I have a masochistic love for Victorian novels. Those wordy, heavy weight tomes where the authors commit all the literary sins that modern writers dare not commit. Those old timey novelists had the chutzpah to preach to the reader. Victorian novelists also reveled in compound complex sentences
that threw more information at the reader than today’s entire paragraphs are
allowed to supply. One has to slow down to read Victorian sentences, chew on
each clause, parse out the double entendres, and then put it all back together
to get one complete thought. Punctuation binges from those verbose writers
would never be allowed by today’s style exacting editors; worse, Victorian
writers generously indulged in (gasp) parentheses. Check out this example from David Copperfield by my beloved Charles Dickens:
I even walk, on two or
three occasions, in a sickly, spoony manner, round and round the house after
the family are gone to bed, wondering which is the eldest Miss Larkin’s chamber
(and pitching, I dare say now, on Mr. Larkins’s instead); wishing that a fire
would burst out; that the assembled crowd would stand appalled; that I, dashing
through them with a ladder, might rear it against her window, save her in my
arms, go back for something she had left behind, and perish in the flames.
One sentence. And it isn’t even the entire paragraph. All
that information crammed into all those clauses which the intrepid reader has
to distill down to the simple idea that the narrator’s crush on Miss Larkin causes
insomnia and instills fantasies of him proving his love through martyrdom. Wow.
Those kinds of sentences were the norm for 19th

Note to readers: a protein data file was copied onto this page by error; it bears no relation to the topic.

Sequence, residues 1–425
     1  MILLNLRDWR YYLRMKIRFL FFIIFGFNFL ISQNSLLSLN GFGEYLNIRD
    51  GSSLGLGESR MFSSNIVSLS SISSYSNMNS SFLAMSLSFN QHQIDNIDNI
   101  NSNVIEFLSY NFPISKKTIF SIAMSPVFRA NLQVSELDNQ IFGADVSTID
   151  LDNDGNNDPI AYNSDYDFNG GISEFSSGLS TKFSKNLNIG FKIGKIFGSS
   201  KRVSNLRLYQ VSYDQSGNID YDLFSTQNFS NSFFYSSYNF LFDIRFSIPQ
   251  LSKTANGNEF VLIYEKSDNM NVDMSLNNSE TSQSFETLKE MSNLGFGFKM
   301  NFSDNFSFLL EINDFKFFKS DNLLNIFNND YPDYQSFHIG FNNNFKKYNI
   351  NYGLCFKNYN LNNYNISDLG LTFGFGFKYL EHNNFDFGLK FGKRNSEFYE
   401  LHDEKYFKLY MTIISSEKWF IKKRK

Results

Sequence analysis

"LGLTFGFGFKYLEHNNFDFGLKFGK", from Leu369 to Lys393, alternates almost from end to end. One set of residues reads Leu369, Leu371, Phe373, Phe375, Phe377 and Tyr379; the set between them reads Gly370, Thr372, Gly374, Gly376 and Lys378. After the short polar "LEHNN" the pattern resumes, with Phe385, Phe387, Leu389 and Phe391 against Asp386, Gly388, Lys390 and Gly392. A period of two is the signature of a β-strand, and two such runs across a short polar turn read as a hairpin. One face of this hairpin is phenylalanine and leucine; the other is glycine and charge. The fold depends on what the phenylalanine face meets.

Century writers. How did they get away with it? Were they just plain smarter
than we of the 21st Century? And how, oh how, did they do it in long
hand? It’s that long hand question that explains it all. They couldn’t edit.
They didn’t have computers or even typewriters. They couldn’t “cut out the
boring parts.” Cutting out the boring parts is the mantra of the contemporary novelist.
God forbid a writer should have one sentence, even one clause that might make
the reader restless. But who’s to say what’s boring and what’s riveting?
I especially struggled with this concept when writing 78 Keys. Initially, it was written from
two points of view (one was first person, the other was third person), from the
two romantic leads. My partner complained. My editor complained. One of my beta
readers complained. However three other beta readers liked the two perspectives
of one story. I did too. I felt it made for a multi-layered plot. I also knew I
didn’t yet have the writing chops to carry it off successfully. I was boring or
confusing half the initial readers. That was a large enough percentage to
convince me to do what my excellent editor wanted: I eliminated one point of
view and wrote the whole story in first person. It’s now the story of Devorah
Rosten, a neurotic, hypochondriac tarot reader who is charged with saving the
world. And, of course, in the process, she falls in love.
Having honed my reading skills on Victorian novelists, my
writing style in 78 Keys struggled
with sentence length. I can get clausy and wordy. I often wanted to insert
parentheses to give an aside comment, but I avoided it altogether. Most of all,
I had to fight with the urge to preach to my readers. 78 Keys makes some fairly large statements about politics, religion
and the nature of existence. Frankly, it was cheeky of me to write it
considering the human questions the book grapples with. But I couldn’t resist.
I have the soul and nature of an opinionated Victorian writer. I’m old enough
and settled enough with who I am to understand that most people aren’t into the
lessons on human nature offered in such magnificent tomes as Middlemarch. A normal person doesn’t
have the time or inclination to dig for the truth in long pedantic sentences
filled with asides. Why should they when contemporary writers offer the same
insights in shorter, direct sentences with all the boring parts cut away?
My guess is, though, is that today’s novelists would be
writing those pernicious compound complex sentences if long hand were our only
method of writing. It’s easy to eliminate the boring bits when the ability to
cut is instantaneous and at our fingertips. If I had written 78 Keys in long hand, you, dear reader,
would be reading it from two points of view, one first person and the other
third person. And you’d be longing for a day when someone invents a way for
writers to highlight then press delete.